It’s hard to decide just where to begin with the monumental Mike Kelley retrospective currently on view at MoMA Ps1. The blockbuster exhibition takes up all four floors of the museum, and spans his full career, from his early video and performance work through to some of the last installations and pieces he made before he tragically took his own life in 2012 at the age of 58. All of his immediately recognizable works are on view, including Deodorized Central Mass with Satellites, his Kandor series (recreating the miniature home city of the Superman mythology), and his sprawling masterwork, Day is Done from 2005-2006, all brilliant entries in Kelley’s signature inquiries into the American mythos.
Mike Kelley, Mike Kelley as The Banana Man (1981), © Estate of Mike Kelley Photo: Jim McHughFew subjects are spared Kelley’s signature reapportioning throughout the show: literature, film, sound art, pop music, classical composition, education, sex, death, ghostly possession, pornography and the art world itself are each skewered in their own turn, warped into bizarrely complex assemblages by the magnitude of their collision. An early participant in the potent Michigan rock and roll scene that gave the world Iggy Pop, Kelley brought a fierce, uncompromising perspective into the world of contemporary art, often bringing him face to face with its worst habits.
Few artists have ever been able to approach the human body in the manner that Kelley does, plotting it out as the site of conflict for contemporary society, a place of social coercion and violent trauma, vulgar gesture and unresolved desire. From the jarring on-screen injuries of Horizontal Tracking Shot of a Cross Section of Trauma Rooms to his earlier video works downstairs, and even into his early performances, Kelley tugs at the threads of stress and alienation imposed on the psyche.
Combining physical interaction with heavy sensorial stress, Kelley, much like his occasional collaborator Paul McCarthy, forces new readings of cultural tropes and the rare combination of both physical and mental memories. Of particular note is his Rose Hobart II, a bizarrely shaped sculptural installation, welcoming viewers to climb through its narrow ends, brought finally to a small peephole through which they can view a slowed down version of the raunchy sex-comedy Porky’s, all the while scored by a jarring Morton Subotnick composition. The result is a harrowing, emotionally fraught experience, where the visitor finds themselves almost unable to turn around and leave in the cramped quarters, realizing they may be stuck in this nightmarish fusion of sound, image and space. Minutes after leaving the piece, one can still feel their heart beating.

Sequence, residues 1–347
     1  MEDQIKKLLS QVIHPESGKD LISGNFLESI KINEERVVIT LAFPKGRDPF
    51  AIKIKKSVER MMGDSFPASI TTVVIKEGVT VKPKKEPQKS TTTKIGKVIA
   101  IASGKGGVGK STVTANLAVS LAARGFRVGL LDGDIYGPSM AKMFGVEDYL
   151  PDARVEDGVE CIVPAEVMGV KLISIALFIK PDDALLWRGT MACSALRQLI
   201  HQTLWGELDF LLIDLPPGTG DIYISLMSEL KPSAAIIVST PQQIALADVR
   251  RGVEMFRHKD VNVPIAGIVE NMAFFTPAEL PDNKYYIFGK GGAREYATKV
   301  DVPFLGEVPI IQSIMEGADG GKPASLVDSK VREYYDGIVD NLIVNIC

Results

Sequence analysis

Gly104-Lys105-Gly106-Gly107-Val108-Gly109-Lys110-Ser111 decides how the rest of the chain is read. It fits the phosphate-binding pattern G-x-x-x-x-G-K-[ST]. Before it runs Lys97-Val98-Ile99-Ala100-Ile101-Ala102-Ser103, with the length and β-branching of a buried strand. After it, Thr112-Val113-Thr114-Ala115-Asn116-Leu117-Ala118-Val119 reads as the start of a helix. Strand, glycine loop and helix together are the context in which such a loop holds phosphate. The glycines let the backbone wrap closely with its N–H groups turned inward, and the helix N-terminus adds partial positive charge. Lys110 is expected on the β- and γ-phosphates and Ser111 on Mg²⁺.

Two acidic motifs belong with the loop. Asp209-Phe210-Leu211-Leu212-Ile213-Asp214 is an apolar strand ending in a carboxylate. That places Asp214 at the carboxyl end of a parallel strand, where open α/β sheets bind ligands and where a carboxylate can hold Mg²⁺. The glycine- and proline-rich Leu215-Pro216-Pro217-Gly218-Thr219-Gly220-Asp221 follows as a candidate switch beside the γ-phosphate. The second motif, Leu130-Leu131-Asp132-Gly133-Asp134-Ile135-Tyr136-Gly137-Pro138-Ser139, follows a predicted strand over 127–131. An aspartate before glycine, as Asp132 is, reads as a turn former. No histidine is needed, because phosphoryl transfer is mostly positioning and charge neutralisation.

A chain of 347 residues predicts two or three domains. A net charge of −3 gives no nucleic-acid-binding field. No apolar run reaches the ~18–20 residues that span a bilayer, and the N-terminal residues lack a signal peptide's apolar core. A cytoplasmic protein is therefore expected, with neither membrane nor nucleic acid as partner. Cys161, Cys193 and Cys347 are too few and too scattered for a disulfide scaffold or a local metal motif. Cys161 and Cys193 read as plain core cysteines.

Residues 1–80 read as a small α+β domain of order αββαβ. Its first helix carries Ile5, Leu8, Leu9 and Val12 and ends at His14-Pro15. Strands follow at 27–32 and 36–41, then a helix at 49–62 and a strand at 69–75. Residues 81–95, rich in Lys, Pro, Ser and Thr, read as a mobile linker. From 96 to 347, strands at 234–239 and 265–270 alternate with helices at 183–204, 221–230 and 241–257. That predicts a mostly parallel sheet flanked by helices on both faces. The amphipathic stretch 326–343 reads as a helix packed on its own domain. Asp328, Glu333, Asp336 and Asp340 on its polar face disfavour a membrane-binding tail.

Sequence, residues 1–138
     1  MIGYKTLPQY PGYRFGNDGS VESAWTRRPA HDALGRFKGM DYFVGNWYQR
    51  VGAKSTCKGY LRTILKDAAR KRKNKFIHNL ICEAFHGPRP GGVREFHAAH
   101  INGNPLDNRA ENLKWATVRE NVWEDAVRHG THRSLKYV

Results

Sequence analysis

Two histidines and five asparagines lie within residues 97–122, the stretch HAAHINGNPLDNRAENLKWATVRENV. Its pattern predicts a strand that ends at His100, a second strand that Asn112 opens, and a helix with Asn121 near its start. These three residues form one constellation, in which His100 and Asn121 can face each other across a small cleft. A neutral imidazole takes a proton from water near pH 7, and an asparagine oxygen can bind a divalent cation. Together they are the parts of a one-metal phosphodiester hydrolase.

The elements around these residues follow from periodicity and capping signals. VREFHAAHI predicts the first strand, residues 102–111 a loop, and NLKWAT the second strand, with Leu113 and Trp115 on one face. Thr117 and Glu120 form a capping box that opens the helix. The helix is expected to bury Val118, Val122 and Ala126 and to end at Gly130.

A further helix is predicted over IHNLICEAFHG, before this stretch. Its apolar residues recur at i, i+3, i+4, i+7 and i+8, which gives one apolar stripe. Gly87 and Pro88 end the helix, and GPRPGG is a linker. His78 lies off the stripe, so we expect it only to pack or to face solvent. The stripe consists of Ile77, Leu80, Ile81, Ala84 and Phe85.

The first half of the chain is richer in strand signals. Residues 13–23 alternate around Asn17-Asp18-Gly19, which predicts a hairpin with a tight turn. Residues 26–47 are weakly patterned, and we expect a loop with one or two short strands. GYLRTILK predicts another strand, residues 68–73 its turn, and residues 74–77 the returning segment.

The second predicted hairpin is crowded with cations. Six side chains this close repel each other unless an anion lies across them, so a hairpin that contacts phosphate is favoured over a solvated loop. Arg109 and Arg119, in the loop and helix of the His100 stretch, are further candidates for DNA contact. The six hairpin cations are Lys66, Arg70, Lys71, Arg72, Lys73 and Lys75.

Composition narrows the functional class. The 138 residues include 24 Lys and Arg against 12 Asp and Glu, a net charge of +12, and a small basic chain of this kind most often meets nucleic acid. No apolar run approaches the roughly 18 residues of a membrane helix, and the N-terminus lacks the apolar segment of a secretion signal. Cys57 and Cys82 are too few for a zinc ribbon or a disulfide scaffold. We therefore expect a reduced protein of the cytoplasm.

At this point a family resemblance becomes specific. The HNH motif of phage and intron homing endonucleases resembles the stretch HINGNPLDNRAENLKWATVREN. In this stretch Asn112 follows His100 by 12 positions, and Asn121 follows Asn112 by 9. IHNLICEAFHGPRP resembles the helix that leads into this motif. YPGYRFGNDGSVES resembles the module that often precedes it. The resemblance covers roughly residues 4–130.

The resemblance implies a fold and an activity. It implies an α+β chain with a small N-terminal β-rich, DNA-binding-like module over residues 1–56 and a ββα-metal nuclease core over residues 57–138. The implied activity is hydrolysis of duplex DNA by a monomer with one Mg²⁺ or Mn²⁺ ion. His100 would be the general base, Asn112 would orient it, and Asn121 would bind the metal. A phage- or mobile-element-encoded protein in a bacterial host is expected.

The violent socialization of contemporary life is frequently returned to in Kelley’s work, both in image and thematics. The aforementioned Day is Done charts the disturbing forces of social power on the body, showing children traumatized by barbers, devilish figures, KISS fans and prom-goers all compiled into a dizzying portrait of Americana, all societal impulse included. But its also in these confrontations that Kelley is at his strongest, playing off the conforming forces of society with his own brand of irreverent aggression. The results are moments of bizarre delicacy, where we are able to look past the distorted frame to see the human subjects at play in all their insecurities and sadness. Kelley feels for his subjects, but but forces the viewer beyond simple pathos in favor of heavily mediated pop iconography and skewed Americana. Stuffed animals spew melodramatic monologues, lost youth is portrayed alongside raunchy sex magazines, and the American high school becomes a site of howling feedback and vulgar sexuality.
These works reflect only a fragment of the pieces on view, and viewers may find themselves daunted by the sheer magnitude of the show, if only for the demanding nature of Kelley’s work. His America is one of confused Id, perpetuating itself with a throbbing, furious persistence, punctuated only with the occasional novelty of its own bizarre permutations. Its in these moments that the artist seizes on, turning the situation inside out to reflect its own inner narratives. It’s a landscape that feels neither foreign or fully familiar, a world that’s often harsh and abrasive, but one that provides ample moments for pause and reflection. It’s this ability that marked Kelley as a true visionary, and which makes his absence equally difficult.
Kelley’s retrospective is on view until February 2nd.
“Working Class Hero” [New Yorker]
“This Show’s as Big as His Career” [New York Times]
“A Brief History of Mike Kelley’s ‘Day is Done'” [NY Times Magazine]
Mike Kelley at PS1 [Exhibition Site]
Mike Kelley [Artist’s Website]